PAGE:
The brothers write in their book, “No matter how we try to downsize, we’ve still got stuff. And home life is more pleasant if there’s a place to put it.” They advise, “Adding storage in the basement, mudroom, bedrooms, and attic (or all of the above!) is a big plus for future buyers, too. Look for creative storage solutions, too, because you can never have too much.”
Next: Don’t think you have to install this material in your kitchen.
9. Thinking you have to go with granite countertops
Designing a new kitchen, or even a bathroom? Don’t fall into the trap of thinking you have to go with granite countertops. HGTV reports that according to the Property Brothers, you can choose from plenty of other great materials — without having to overspend, like you might with granite.
Jonathan explains, “Choosing a different material for the countertops can save you more money than anything else in the kitchen.” Want some suggestions for alternatives? The brothers recommend looking at butcher block, plate steel, or even a high-end laminate for your kitchen counters. Jonathan adds, “Laminate is less durable than a solid-surface counter, but some choices look a lot like real granite.”
Next: Never make this mistake in your kitchen.
10. Sticking with cabinets that are the wrong size
Measuring for kitchen cabinets can get tricky. But it pays to do it correctly. As HGTV reports, the Property Brothers cite mis-measuring for cabinets as one of the worst design mistakes you can make during a renovation. “People buy kitchen cabinets, have them installed, then realize their fridge doesn’t fit,” Jonathan explains.
Even if you weren’t the one who did the measuring or the installing, your home’s design can still be dragged down by cabinets that aren’t quite right. Does your fridge stick out too far from the cabinets? Is the island too small or too large? Can you see an awkward space above your cabinets? Is there a gap around your dishwasher? All of those details make a bigger impact than you’d think. So it pays to make some changes and do things right.
Next: This is one of the worst — but most surprising — design mistakes you can make.
11. Getting rid of the bathtub
If your home has only one bathtub, the Property Brothers don’t think you should get rid of it. Even if you’d prefer to have a giant shower or a double vanity occupying that space. Families with young children almost always want to buy a house with a bathtub in at least one bathroom, as Business Insider notes.
Even if you much prefer showers to baths, it’s a smart move to have at least one bathtub in your home. “You don’t have to have a bathtub in the master, unless the house is in a retirement community, but do keep a tub in the shared or family [bathroom],” the Property Brothers write.
Next: Never keep this feature around.
12. Keeping those popcorn ceilings, or sticking with low ceilings
Another feature that’s an eyesore in your home? Popcorn ceilings. We all know that they haven’t been in style for decades. But most of us just put up with them, especially since they require a lot of labor to remove. However, Realtor.com reports that the Property Brothers think you should get rid of those popcorn ceilings ASAP. Not only do they drag the sophistication of your home down, but they can also hide problems with your ceiling or your roof.
Additionally, The Boston Globe reports that the brothers advocate for adding high ceilings whenever you can. They write, “If there is plenty of space in your attic, it can be pretty easy to vault the ceiling, depending on the roof structure, giving you an additional 5 to 10 feet in the room. High ceilings make a huge difference.”
Next: Don’t let anyone convince you that this is a good idea.
13. Converting the garage into another room
If you need more space and don’t really use your garage, it might seem like you have an obvious solution on your hands. Don’t do it! As Business Insider reports, Jonathan and Drew Scott think you shouldn’t convert your garage into another room. It’ll give you more space. But it might hurt the value of your home when it comes time to sell — especially if all of the other homes in your neighborhood have an untouched garage.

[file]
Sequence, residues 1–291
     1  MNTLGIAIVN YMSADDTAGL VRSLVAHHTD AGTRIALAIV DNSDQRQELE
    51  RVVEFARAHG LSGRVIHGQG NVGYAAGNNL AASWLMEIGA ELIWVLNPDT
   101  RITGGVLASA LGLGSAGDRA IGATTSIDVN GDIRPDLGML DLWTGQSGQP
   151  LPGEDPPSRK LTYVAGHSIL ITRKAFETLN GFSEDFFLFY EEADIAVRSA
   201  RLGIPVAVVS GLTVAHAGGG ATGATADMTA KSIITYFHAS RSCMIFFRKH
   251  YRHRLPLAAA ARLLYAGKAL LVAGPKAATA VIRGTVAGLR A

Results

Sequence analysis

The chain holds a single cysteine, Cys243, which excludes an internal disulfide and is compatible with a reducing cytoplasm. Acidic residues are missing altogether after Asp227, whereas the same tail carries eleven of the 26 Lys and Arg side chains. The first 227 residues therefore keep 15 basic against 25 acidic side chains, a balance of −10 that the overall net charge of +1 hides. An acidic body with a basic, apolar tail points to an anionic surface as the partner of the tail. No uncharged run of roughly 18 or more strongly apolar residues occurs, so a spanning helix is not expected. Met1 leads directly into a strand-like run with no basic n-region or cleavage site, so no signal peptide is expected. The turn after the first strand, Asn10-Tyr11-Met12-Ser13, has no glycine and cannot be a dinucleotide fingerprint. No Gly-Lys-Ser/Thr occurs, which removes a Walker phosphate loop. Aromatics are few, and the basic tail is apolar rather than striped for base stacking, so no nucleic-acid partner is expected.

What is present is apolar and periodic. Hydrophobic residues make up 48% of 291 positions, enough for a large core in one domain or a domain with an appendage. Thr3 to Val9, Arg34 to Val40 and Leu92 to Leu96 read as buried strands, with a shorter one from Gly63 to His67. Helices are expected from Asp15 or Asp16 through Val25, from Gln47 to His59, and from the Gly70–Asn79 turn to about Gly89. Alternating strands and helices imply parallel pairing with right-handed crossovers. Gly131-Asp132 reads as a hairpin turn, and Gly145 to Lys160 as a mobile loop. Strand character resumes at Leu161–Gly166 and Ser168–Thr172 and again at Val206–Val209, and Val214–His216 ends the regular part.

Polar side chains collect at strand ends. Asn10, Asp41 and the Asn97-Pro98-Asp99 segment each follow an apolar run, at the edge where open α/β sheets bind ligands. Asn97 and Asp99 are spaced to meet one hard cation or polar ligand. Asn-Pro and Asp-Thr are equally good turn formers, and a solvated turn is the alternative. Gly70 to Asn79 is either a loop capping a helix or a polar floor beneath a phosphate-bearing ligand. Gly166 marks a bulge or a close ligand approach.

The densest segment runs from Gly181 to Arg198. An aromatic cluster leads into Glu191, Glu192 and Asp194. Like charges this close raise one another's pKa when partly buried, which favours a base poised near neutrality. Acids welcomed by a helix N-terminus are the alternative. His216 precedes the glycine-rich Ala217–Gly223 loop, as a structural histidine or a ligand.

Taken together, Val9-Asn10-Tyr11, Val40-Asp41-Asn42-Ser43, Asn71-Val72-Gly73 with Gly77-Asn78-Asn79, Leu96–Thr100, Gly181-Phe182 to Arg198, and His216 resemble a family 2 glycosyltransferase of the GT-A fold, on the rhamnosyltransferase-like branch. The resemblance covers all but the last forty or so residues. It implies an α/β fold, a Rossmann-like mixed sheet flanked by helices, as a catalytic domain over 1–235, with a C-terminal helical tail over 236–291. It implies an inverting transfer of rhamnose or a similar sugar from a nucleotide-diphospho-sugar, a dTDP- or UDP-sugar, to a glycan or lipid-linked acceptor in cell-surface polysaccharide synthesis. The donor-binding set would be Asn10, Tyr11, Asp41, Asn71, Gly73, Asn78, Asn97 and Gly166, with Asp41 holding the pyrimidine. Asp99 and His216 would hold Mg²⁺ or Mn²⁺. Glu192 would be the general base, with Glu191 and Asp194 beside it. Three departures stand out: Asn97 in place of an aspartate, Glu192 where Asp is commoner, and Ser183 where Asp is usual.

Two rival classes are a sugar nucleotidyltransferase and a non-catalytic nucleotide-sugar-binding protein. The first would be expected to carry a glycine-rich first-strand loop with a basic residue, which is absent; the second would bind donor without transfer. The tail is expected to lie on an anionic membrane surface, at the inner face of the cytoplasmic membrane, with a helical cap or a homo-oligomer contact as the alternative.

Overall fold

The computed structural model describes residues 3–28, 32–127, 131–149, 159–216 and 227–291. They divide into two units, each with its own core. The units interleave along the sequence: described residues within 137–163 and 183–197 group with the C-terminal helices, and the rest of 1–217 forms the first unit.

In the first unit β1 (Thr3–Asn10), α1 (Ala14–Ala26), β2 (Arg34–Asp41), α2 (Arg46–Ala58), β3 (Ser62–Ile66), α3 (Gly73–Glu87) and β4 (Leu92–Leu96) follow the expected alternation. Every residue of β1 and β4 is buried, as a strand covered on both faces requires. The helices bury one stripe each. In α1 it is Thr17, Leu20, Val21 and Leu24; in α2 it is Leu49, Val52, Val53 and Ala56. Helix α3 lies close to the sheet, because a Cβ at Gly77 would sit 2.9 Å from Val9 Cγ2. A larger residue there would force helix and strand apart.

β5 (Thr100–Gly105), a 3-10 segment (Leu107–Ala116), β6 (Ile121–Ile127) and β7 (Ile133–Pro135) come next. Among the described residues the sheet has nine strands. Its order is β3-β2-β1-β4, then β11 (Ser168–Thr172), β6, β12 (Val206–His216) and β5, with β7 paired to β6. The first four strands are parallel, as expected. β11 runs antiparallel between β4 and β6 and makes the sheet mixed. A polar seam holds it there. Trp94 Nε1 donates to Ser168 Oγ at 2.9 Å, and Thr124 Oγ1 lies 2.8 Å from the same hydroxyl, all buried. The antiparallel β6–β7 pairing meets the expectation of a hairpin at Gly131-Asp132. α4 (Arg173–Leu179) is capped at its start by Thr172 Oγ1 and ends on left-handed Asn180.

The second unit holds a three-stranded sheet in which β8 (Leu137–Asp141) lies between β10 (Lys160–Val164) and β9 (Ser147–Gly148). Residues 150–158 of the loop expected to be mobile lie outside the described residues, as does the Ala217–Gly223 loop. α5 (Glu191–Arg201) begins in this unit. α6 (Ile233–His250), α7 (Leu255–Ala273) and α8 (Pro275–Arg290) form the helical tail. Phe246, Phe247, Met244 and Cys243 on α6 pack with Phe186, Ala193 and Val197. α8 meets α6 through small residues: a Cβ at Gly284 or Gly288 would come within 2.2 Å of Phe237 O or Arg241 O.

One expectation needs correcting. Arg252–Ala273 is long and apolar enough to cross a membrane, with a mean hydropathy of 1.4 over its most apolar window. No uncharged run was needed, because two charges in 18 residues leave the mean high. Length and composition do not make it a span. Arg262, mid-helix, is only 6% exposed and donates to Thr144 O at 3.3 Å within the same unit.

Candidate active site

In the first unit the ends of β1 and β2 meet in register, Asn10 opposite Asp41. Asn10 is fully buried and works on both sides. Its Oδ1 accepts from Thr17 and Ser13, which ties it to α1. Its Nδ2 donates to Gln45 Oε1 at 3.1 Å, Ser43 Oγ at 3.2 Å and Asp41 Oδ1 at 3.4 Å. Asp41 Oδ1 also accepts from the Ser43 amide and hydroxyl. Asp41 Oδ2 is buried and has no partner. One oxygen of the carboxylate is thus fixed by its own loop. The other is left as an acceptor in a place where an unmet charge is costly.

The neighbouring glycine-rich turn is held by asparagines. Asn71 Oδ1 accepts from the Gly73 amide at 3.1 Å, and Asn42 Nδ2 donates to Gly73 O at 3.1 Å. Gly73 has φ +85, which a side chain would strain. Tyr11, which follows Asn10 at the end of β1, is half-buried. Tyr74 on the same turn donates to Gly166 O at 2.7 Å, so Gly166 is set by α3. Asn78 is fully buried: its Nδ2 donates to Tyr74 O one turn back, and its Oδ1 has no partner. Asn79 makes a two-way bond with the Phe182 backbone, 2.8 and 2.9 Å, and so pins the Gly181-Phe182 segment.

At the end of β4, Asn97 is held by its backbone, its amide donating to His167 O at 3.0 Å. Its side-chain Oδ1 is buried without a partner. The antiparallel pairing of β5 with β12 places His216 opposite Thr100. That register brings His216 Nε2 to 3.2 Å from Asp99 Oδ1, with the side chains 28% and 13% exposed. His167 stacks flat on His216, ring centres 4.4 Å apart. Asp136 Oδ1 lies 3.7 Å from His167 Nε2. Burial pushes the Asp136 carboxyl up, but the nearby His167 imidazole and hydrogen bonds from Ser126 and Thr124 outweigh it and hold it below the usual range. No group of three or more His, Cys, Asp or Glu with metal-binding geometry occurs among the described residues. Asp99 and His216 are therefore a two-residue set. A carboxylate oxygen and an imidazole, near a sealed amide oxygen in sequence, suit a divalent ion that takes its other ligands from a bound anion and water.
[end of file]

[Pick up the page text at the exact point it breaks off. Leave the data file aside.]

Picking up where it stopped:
“If your house is the odd man out, many buyers won’t even look at it,” the brothers caution in their book. Plus, turning a garage into a room that feels consistent with the rest of your house can pose some major challenges. The Property Brothers advise that, instead of eliminating the garage, you consider finishing your basement or even renovating your porch.
Next: Don’t make these unfortunate design mistakes.
14. Adding weird features or a custom room
Many people think weird features, like mirrored walls, will make their space look bigger, better, or more unique. But typically, they just make it look outdated. Realtor.com reports that on an episode of Property Brothers: Buying & Selling, Jonathan looks disapprovingly at the mirrored wall that the homeowners installed, hoping to make their house look more spacious. “It makes it feel like an ’80s dance hall,” Jonathan explains, alluding to the fact that some decorating trends from the 1980s really shouldn’t make a comeback.
Similarly, the brothers advise against adding custom and specialized rooms — like a home theater, a basketball court, or a wine cellar. As they write in their book, you might like the idea of that dedicated space. But a custom room will have a limited appeal. And if you decide to sell your house, not every buyer will want to pay for your pricey home theater.
Next: Never add this to your backyard.
15. Installing a pool (if you live in a cold climate)
This one may be controversial. But as Business Insider reports, the Property Brothers advise against installing a pool in your backyard if you live in a cold climate. Think about it this way: Where do pools look pretty year-round? Only in warm areas, where you can spend time outside any time of the year. In cold climates, they turn into an eyesore the moment they need to be closed up for the winter.
Even if you don’t mind your backyard being overtaken by a huge tarp in the winter, you should also think about the time and money you’ll need to spend maintaining the pool. Additionally, Jonathan and Drew Scott report that adding a pool usually isn’t a sound financial move, i.e., it doesn’t add enough value to the house to offset the costs of installing and maintaining it.